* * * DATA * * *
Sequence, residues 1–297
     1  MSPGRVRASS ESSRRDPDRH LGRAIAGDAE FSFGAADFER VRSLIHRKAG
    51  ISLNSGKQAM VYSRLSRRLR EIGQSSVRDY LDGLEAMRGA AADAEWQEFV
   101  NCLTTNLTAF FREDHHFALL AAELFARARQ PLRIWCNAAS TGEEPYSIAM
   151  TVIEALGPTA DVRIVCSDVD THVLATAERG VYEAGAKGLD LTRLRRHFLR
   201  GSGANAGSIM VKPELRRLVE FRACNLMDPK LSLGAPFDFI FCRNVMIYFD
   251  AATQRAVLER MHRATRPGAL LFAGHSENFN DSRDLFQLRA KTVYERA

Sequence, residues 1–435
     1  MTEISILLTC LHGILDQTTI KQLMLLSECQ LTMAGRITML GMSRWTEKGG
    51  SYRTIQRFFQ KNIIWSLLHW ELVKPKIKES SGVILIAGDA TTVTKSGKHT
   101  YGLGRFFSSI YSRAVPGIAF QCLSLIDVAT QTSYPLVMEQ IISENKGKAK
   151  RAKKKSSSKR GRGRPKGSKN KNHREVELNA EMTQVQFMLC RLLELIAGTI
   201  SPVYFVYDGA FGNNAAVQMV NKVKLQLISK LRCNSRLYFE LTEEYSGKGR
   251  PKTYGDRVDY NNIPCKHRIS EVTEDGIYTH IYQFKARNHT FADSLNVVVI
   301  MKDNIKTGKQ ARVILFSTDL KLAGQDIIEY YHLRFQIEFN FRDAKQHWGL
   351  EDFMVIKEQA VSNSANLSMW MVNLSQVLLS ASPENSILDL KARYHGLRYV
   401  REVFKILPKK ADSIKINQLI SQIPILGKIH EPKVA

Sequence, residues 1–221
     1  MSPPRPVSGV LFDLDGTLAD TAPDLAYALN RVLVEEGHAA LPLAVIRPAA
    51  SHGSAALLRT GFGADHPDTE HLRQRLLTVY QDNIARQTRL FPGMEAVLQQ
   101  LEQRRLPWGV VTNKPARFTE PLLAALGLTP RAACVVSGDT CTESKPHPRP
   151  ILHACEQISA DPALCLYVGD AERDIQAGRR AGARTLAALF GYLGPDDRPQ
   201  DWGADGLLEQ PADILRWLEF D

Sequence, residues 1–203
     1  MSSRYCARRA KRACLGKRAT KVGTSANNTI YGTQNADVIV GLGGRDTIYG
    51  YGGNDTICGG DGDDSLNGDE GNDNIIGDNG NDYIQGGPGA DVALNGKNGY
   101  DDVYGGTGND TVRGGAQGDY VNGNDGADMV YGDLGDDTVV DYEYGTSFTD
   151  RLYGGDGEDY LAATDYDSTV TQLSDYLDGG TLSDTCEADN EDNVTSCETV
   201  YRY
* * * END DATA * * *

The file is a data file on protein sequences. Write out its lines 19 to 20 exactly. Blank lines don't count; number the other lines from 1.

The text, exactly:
     1  MSPPRPVSGV LFDLDGTLAD TAPDLAYALN RVLVEEGHAA LPLAVIRPAA
    51  SHGSAALLRT GFGADHPDTE HLRQRLLTVY QDNIARQTRL FPGMEAVLQQ